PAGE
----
Think of The Guard not as a crime thriller, but as an Irish neo-noir western. It's set in the backwaters of modern Galway with Brendan Gleeson doing a dry comedy riff on John Wayne as lawman Sgt Gerry Boyle. It groans heavy with the type of gallows humour that permeates recent Irish films like Perrier's Bounty and In Bruges and though it lacks the sophistication of the latter film (from writer-director John Michael McDonagh's renowned brother Martin), it neatly encapsulates the sort of spirited nonchalance that only comes from living under permanently grey skies.
Like the Westerns of old, our hero has a simple moral code, verging on stupidly so. He only wants to put away the bad guys and let the hookers mind their own business. These women, after all, provide him with a necessary service. When debonair FBI agent Wendell Everett (Don Cheadle) comes to town to lead an investigation into transatlantic drug smugglers, Boyle blunts his Powerpoint presentation with good old-fashioned horse sense on the best way to proceed and throws in a few blank observations on Everett's black heritage, casting him - no offence - as someone who must have had close association with drug dealers.
In fact, Everett is a highly refined, buttoned-down character, which sets the scene for some politically edgy cop buddy antics. Those laughs comes in sharp relief to the gory murder that opens the film (the tone set by a junior cop's unlikely theories on the crime) and which appears to be linked to an imminent shipment of drugs. Boyle and Everett put their heads together and mostly give each other a migraine. Still there's an obvious point of understanding between the two. As the plot unfolds, it becomes clear they may be the only cops in Galway who aren't taking backhanders from the mob and they soldier on relentlessly to what looks like a suicidal last stand.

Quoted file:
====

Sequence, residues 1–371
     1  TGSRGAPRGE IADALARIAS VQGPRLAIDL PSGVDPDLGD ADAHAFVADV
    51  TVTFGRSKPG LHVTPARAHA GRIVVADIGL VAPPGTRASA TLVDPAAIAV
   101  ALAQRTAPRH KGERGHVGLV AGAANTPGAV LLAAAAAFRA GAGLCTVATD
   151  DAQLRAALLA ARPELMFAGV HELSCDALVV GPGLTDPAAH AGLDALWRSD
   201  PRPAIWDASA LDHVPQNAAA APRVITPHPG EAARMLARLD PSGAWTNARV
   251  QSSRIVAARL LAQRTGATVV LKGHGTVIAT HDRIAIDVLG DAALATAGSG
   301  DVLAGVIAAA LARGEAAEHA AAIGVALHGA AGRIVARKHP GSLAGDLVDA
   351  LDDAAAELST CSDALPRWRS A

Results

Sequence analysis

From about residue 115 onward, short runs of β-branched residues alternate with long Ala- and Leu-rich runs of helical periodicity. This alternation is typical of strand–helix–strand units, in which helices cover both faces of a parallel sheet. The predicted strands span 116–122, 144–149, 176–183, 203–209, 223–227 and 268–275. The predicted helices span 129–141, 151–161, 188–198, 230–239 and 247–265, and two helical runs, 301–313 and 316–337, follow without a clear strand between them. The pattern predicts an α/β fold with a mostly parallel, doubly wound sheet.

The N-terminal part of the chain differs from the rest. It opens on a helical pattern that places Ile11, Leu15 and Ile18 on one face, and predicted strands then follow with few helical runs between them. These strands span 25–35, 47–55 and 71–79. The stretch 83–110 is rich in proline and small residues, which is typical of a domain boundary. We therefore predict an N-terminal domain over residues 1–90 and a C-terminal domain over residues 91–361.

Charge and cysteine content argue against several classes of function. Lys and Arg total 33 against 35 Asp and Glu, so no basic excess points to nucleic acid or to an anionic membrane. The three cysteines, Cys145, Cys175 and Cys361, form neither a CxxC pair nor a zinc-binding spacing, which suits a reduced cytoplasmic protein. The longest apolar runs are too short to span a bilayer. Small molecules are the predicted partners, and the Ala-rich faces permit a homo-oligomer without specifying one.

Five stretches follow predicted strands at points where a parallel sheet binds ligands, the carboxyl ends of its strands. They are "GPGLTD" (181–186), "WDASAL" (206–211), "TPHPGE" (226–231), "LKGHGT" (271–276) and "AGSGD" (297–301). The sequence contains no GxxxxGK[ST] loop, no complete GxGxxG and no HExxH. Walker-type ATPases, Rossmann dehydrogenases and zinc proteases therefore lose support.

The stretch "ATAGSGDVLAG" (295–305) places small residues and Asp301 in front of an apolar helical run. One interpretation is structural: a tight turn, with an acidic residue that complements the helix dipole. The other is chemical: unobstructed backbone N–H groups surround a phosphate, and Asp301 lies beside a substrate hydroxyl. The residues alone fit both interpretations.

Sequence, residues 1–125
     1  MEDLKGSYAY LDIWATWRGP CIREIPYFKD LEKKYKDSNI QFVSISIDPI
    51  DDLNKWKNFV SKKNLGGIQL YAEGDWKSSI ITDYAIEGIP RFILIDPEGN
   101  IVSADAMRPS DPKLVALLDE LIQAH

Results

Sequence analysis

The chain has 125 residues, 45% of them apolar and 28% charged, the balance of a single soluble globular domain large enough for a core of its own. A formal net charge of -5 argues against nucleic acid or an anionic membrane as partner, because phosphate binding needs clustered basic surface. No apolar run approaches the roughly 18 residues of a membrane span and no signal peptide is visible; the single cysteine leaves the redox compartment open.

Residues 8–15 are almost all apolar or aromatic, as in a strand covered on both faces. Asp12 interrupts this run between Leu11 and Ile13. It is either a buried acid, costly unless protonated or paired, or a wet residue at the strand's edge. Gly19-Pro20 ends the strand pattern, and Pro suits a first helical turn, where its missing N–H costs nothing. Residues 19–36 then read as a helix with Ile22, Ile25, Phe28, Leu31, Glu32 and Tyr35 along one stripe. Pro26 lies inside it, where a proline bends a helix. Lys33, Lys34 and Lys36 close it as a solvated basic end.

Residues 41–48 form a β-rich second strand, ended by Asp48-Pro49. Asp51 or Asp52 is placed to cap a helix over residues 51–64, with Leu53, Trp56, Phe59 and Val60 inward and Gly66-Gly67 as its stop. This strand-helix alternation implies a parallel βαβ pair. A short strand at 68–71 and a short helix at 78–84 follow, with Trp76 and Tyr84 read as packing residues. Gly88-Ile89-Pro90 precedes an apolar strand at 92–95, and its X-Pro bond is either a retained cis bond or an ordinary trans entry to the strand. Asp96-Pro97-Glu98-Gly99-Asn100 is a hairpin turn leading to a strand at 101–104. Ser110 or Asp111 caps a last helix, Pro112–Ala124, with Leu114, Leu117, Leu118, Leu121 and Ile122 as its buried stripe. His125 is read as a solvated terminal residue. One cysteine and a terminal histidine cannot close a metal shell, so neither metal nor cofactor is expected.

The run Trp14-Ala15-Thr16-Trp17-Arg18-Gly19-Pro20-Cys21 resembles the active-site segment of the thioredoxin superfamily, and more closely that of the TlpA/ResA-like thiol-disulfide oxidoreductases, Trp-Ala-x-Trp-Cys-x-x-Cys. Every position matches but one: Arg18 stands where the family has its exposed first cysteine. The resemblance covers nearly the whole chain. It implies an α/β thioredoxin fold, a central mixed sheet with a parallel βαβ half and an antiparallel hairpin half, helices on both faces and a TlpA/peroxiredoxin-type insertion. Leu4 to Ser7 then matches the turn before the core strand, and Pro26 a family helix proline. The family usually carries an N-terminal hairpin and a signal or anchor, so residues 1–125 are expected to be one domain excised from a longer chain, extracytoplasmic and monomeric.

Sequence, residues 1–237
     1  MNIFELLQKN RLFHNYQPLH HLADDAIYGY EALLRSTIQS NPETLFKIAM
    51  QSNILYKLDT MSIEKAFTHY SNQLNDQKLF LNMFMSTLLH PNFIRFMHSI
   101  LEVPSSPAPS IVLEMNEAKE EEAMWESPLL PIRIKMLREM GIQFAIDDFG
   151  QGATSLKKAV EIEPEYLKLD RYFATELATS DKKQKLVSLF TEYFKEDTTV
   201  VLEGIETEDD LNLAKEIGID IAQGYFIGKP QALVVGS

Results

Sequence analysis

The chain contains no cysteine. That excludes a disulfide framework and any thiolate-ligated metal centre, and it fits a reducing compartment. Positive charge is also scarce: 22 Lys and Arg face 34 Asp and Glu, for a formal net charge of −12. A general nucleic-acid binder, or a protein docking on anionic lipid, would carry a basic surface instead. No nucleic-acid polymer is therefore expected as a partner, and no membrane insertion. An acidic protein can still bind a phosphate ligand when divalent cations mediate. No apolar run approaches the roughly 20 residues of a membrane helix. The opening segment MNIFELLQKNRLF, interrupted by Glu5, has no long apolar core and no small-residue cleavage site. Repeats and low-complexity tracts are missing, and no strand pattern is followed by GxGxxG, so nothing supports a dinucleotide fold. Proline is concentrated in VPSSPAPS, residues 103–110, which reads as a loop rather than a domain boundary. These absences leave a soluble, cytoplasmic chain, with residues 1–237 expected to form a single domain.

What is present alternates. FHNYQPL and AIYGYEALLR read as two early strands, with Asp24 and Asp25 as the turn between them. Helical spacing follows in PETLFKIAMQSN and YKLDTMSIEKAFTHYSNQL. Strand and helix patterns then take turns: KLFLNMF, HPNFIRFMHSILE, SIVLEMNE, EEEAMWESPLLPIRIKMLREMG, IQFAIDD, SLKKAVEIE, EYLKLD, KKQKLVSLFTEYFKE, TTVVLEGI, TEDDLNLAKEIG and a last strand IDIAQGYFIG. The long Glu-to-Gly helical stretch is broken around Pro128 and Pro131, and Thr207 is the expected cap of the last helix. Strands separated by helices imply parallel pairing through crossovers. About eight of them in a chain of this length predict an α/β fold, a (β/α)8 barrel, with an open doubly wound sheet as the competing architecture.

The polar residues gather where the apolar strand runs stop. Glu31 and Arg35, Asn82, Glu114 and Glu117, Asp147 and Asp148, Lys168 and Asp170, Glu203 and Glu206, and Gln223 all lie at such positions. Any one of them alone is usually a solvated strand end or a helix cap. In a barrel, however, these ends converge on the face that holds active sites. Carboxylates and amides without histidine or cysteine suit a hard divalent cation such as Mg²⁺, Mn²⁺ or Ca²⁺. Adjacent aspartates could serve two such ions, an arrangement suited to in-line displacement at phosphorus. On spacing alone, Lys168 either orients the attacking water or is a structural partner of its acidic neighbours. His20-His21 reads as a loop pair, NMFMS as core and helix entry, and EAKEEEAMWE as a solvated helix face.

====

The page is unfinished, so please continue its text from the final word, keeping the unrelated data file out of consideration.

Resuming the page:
Cheadle has the brilliant knack of looking offended without appearing too precious. The slights are, of course, unintended and Gleeson remains a powerful hero because he sticks to his guns (often backed by a gung-ho orchestral score). Mark Strong is on bad guy duty again as a weary mob middleman, but he gives the part a post-modern spin, bemoaning the fact that 'a man's gotta do...' Like most go-getters who end up in middle management, he's fed up of the greasy handshakes and murky office politics. There's an ominous sense that all of these men are cornered, doomed by a macho idealism that means they must follow through even when all seems lost.
The final showdown is at once rousing and absurd as Doyle draws upon his fabled (or faked?) past as an Olympic swimmer, but John Michael McDonagh doesn't plumb the depths of his characters with quite the same flair. Unlike brother Martin, he deals in subverted archetypes who act out a destiny that seems preordained, never allowing a moment's pause to look inward at what drives them on. Still, they are drawn with great affection and McDonagh's fondness for genre clichés is also evident, even as he sends them up. The quietly gleeful turns from the leading players also make this a likeable bit of mischief instead of just a soulless exercise in genre-mashing. A great Freudian gag concerning a tiny pistol sums up a film that shoots from the hip.